Price Gouging as Texans Prepare to Prevent the Spread of Coronavirus
Price gouging is illegal, and a disaster declaration triggers tough penalties under the Texas Deceptive Trade Practices Act.
Texans who believe they've encountered price gouging should contact the Texas Attorney General's Consumer Protection Division at (800) 621-0508 or file a complaint at https://www.texasattorneygeneral.gov/consumer-protection.
1. “The Court of Appeals erred in holding the trial court did not improperly comment on the evidence by providing a jury instruction on ‘joint possession’ that added to the statutory definition of ‘possession.’”
2. “The Court of Appeals erred in alternatively holding it was not error to refuse Appellant’s requested jury instruction on ‘mere presence’ while holding the jury instruction on ‘joint possession’ was appropriate.”
Beltran de la Torre was indicted for possession of cocaine that police found on the center console of his car. Beltran de la Torre had been in the driver’s seat at the time, and there were also two female passengers. All three occupants had dilated pupils, suggesting cocaine use. At trial, Beltran de la Torre testified that the cocaine was not his and that he did not even know it was in the car. He said three others had occupied the car that day. At the charge conference, the trial court denied the defense’s request for an instruction that mere presence at the scene was insufficient to constitute knowing possession. The charge did include the non-statutory instruction “Two or more people can possess the same controlled substance at the same time.” The jury convicted Beltran de la Torre, and he appealed both jury charge issues.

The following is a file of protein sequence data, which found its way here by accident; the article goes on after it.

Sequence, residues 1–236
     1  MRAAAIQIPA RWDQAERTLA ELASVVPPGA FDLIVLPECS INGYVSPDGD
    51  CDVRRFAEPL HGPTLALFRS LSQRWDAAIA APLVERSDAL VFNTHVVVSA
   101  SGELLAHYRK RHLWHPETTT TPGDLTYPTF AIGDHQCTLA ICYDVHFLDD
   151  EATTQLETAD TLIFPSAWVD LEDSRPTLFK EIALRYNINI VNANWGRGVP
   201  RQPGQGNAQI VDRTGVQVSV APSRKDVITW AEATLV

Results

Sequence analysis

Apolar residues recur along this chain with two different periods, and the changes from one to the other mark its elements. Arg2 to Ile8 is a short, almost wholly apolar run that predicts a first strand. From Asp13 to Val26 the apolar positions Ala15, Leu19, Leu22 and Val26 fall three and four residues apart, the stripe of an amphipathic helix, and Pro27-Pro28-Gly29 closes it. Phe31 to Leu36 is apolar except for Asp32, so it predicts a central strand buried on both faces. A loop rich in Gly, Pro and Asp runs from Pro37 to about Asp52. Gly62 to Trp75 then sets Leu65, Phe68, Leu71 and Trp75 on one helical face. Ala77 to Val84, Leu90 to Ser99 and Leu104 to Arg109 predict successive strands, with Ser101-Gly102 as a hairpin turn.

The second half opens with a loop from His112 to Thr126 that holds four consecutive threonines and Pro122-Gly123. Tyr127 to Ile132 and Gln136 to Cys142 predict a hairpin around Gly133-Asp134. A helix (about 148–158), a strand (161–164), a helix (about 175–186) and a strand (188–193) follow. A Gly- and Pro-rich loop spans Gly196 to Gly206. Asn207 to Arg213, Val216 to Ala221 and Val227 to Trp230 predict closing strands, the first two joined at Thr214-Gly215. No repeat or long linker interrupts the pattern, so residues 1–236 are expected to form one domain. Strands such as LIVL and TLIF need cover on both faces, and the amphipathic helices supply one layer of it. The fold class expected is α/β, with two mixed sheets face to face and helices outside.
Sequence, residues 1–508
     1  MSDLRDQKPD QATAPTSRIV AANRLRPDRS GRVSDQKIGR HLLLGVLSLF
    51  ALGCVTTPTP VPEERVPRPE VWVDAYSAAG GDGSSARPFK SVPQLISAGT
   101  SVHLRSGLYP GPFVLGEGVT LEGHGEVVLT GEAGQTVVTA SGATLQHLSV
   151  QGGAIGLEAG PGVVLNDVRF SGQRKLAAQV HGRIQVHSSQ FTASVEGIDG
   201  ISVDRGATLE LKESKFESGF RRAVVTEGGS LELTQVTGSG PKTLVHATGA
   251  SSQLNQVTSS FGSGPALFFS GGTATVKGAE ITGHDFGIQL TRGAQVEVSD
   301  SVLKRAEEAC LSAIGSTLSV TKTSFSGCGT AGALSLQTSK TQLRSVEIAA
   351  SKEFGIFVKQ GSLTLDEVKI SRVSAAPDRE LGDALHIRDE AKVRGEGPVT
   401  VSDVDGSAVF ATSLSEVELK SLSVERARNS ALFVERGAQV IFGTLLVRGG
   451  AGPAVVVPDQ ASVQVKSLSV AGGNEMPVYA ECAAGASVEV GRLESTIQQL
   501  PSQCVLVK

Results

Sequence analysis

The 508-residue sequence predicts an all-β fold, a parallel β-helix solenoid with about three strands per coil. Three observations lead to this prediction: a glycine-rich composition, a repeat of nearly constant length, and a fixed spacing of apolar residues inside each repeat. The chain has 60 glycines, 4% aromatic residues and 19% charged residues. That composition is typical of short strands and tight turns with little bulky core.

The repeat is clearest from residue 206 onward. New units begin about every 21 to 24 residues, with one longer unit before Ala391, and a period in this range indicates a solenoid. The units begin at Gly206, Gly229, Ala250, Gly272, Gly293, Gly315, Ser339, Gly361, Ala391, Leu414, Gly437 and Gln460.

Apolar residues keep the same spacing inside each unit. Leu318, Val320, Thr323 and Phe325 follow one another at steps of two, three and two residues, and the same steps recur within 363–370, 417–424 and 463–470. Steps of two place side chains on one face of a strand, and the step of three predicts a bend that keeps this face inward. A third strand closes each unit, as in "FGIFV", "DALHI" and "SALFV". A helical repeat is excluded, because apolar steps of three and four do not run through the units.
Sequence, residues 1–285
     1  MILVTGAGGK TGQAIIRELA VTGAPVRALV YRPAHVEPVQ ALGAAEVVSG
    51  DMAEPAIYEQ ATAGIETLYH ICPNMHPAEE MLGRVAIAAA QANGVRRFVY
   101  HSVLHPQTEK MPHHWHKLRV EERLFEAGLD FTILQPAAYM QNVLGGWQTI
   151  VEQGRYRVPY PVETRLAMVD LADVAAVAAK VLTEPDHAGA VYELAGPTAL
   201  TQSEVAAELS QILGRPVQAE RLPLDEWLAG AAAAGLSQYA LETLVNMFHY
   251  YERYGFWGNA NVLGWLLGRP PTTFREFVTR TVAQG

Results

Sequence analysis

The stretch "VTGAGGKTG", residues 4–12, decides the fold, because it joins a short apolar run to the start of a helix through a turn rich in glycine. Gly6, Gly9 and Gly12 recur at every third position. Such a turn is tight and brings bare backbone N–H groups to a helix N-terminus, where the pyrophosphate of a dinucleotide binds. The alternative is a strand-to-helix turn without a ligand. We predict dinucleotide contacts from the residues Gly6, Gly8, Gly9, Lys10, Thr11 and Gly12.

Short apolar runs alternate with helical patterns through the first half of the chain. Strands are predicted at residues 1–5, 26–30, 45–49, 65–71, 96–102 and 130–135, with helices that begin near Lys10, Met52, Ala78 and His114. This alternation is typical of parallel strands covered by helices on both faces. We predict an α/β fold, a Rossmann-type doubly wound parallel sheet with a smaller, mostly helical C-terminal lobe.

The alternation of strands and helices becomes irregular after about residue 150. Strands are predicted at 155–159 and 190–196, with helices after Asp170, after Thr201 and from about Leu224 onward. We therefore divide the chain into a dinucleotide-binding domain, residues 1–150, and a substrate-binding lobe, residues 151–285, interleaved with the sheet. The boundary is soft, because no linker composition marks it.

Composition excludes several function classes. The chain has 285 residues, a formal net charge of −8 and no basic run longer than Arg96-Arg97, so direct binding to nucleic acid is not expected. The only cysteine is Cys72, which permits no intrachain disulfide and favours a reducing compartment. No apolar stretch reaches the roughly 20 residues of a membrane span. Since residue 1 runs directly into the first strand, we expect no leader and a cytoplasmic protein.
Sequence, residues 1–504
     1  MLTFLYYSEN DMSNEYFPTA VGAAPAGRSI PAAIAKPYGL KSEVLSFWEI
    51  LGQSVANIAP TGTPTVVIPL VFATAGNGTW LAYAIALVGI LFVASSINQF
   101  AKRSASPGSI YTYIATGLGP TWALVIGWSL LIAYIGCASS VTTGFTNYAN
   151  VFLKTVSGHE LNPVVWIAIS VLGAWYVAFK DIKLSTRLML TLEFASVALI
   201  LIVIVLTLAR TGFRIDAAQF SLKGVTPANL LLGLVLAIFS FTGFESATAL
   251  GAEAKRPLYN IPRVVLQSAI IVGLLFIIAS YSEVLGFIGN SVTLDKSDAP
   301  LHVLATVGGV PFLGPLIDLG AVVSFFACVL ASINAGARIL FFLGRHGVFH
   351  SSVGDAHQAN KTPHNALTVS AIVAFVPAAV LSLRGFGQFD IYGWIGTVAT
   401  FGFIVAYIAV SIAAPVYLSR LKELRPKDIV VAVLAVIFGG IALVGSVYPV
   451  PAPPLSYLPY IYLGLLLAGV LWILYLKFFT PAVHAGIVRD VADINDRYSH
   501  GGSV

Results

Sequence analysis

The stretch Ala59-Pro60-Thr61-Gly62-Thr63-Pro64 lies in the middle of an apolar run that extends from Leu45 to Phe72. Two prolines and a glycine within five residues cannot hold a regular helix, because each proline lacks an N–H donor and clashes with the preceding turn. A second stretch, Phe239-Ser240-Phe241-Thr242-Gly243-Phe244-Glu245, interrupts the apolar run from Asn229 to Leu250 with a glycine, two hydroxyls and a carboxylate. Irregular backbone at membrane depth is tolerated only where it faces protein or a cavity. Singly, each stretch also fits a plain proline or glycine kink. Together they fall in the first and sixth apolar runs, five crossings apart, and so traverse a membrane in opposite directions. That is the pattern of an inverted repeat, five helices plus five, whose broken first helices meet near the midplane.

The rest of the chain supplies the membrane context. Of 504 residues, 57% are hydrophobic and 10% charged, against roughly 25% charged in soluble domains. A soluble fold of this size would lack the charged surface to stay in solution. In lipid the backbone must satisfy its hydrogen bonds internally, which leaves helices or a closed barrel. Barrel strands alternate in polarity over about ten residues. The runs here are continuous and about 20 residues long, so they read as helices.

The court of appeals held that because the “mere presence” instruction was not a statutory defense and merely negated an element of the State’s case, it was not error to refuse the defense instruction. While acknowledging that the joint possession instruction was also not statutory, the court of appeals concluded that joint possession had a particular legal meaning and that “jurors should not be left to their own devices to decide whether ‘possession’ includes ‘joint possession’ when the facts at trial raise the question.”
Beltran de la Torre argues that the joint possession instruction is an impermissible comment on the evidence because, even if a correct statement of law, it draws attention to the State’s theory while undermining the defense. He contends that the court of appeals’ holdings are in conflict and that if the joint possession instruct was proper, the mere presence instruction was likewise proper.